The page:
What is E10 petrol

Motorists across the UK will see a greener fuel at the pumps from September 2021 when the standard (or ‘Premium’) petrol grade will become E10.
E10 fuel is an eco-friendly blend of petrol and ethanol that could cut transport CO2 emissions by 750,000 tonnes a year. That cut in emissions is the equivalent to 350,000 fewer cars on the road, or all the cars in North Yorkshire.

As well as cutting emissions, the introduction of E10 will boost job opportunities in the north east, securing up to 100 jobs with the reopening of AB Sugar’s Vivergo plant, and increasing production at existing biofuel plants including Ensus. The ethanol is made from materials including low-grade grains, sugars and waste wood.

The 2 petrol blends that are currently widely available in the UK contain no more than 5% ethanol, known as E5; the fuel being rolled out in September has up to 10%.

A small number of older vehicles, including classic cars and some from the early 2000s, will continue to need E5 fuel, which is why supplies of E5 petrol will be maintained in the ‘Super’ grade.

The Government has published a compatibility checker on the DfT website so that motorists can see if their vehicle is compatible.
Transport Secretary Grant Shapps said: “Although more and more motorists are driving electric vehicles, there are steps we can take to reduce emissions from the millions of vehicles already on our roads – the small switch to E10 petrol will help drivers across the country reduce the environmental impact of every journey.”

E10 petrol is compatible with almost all (95%) petrol-powered vehicles on the road today, including all cars built since 2011.

The European Automobile Manufacturers’ Association (ACEA) says, for example, that all BMWs can use E10, but warns this is not the case for every marque. Almost all Mercedes models can use E10, but the C200 CGI and CLK 200 CGI made from 2002 to 2005 cannot. Nevertheless, E10 has been sold in Europe - most notably in France and Belgium - alongside E5 for several years.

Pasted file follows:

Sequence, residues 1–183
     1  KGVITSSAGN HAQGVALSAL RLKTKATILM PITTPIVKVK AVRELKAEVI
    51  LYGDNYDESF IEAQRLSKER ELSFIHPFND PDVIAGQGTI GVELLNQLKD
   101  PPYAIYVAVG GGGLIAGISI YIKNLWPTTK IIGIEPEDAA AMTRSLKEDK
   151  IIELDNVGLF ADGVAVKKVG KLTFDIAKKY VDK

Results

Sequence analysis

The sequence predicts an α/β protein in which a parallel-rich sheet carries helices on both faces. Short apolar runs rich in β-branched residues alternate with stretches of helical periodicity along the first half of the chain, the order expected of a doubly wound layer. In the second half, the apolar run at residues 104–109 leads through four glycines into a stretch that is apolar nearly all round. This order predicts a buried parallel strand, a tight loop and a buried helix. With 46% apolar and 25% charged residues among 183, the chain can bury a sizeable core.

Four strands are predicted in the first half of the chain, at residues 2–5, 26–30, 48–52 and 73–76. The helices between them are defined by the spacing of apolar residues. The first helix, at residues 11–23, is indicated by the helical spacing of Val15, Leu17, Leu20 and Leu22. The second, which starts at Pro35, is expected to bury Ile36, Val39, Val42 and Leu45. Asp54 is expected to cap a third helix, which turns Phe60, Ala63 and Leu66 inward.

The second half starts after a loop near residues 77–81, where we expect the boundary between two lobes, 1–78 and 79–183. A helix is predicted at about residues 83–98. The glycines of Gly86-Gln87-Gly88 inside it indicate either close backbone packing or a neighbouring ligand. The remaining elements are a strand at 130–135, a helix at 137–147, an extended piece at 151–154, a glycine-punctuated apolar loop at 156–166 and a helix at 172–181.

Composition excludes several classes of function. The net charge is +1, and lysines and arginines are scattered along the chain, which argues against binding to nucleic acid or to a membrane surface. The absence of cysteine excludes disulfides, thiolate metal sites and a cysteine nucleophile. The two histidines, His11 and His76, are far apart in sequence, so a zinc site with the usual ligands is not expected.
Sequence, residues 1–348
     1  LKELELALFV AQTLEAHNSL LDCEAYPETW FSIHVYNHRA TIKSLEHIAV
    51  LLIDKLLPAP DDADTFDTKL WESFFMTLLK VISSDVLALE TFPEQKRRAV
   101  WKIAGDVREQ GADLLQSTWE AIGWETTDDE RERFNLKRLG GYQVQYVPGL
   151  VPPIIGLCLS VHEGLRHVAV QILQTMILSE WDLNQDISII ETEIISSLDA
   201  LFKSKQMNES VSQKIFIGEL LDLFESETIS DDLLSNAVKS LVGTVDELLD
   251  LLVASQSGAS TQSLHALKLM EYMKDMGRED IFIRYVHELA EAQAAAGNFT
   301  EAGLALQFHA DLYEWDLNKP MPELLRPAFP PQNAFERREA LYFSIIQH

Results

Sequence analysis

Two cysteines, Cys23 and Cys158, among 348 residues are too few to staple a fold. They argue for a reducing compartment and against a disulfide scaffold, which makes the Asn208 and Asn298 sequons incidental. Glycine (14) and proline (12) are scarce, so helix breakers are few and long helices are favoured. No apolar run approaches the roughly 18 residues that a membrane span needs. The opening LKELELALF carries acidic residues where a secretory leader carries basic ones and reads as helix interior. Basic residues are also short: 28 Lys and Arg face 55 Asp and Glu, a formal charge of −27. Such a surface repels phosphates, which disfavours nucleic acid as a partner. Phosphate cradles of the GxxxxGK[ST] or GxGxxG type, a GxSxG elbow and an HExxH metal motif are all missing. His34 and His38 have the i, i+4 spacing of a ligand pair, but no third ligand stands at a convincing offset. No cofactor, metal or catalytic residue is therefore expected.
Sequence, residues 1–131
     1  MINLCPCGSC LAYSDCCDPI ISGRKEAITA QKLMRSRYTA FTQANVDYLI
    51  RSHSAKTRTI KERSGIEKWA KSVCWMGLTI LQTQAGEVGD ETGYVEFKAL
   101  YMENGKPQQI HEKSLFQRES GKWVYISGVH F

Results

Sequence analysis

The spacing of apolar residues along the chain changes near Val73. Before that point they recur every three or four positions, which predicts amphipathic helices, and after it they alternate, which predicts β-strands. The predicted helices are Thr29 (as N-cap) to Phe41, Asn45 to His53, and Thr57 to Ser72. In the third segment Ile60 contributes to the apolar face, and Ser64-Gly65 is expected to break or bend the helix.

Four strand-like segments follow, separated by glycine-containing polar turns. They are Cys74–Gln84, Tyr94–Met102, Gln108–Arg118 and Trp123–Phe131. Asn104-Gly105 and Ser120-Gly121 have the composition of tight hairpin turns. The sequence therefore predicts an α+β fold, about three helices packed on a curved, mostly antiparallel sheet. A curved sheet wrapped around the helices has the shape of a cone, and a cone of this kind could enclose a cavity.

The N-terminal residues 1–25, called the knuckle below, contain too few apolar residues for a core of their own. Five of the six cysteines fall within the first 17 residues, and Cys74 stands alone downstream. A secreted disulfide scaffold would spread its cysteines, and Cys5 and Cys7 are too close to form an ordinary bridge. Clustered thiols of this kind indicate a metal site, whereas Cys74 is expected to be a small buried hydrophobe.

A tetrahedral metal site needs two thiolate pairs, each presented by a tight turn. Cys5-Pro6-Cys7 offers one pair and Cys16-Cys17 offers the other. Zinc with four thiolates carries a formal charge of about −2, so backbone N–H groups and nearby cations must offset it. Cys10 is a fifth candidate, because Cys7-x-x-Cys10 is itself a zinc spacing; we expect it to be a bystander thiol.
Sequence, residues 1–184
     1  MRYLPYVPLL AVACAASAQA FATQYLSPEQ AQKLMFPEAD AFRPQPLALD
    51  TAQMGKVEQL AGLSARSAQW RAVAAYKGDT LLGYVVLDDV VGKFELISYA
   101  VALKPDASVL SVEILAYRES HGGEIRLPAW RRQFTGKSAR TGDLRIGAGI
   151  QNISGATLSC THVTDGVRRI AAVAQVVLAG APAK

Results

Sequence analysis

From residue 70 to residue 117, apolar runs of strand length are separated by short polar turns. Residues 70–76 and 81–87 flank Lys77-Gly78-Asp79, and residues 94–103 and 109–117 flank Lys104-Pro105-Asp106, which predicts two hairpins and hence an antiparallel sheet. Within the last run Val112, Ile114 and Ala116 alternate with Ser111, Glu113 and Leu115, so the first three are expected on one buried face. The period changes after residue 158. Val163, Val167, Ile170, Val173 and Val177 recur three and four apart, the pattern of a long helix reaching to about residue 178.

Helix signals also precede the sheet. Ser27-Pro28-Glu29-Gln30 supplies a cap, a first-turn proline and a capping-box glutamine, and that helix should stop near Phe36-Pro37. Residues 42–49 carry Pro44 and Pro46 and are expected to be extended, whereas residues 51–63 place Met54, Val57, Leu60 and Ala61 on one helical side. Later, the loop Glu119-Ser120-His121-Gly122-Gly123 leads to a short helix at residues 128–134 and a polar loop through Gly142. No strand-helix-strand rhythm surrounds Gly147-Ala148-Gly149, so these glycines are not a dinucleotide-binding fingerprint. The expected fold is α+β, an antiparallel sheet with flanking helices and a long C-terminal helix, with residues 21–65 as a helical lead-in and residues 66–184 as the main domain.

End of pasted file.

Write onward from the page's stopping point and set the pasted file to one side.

The DfT has not yet set a deadline for when UK petrol stations will be required to offer E10. It will not be offered alongside E5 unleaded at the same forecourt, though - once a fuel station has switched to E10, standard E5 will no longer be available there. Motorists whose cars aren’t compatible with E10 will still be able to purchase E5 petrol in super-unleaded form, though, with the DfT confirming the UK will maintain a supply of this fuel.

Edmund King, president of the AA, voiced support for the launch of E10, but pointed out that the Government's own impact assessments had predicted the move would result in a 1.6 per cent overall increase in petrol prices. He added: “That will rub many drivers the wrong way, but the AA expects the Chancellor, who will get more fuel duty from more fuel consumed, will not have to increase fuel duty in the Budget next week.”

Previous research by the RAC Foundation indicated 28,000 Volkswagen Golfs, 18,162 Mazda MX-5s and almost 16,000 Nissan Micras in the UK are unable to run on E10.

A spokesperson from UKPIA (UK Petroleum Industry Association), which represents major fuel suppliers in the UK, advised: “If an owner of a classic or cherished car is uncertain of their vehicle’s compatibility with petrol containing more than 5 per cent ethanol and is unable to obtain guidance from the vehicle manufacturer, they can avoid potential difficulties by using the super grade.”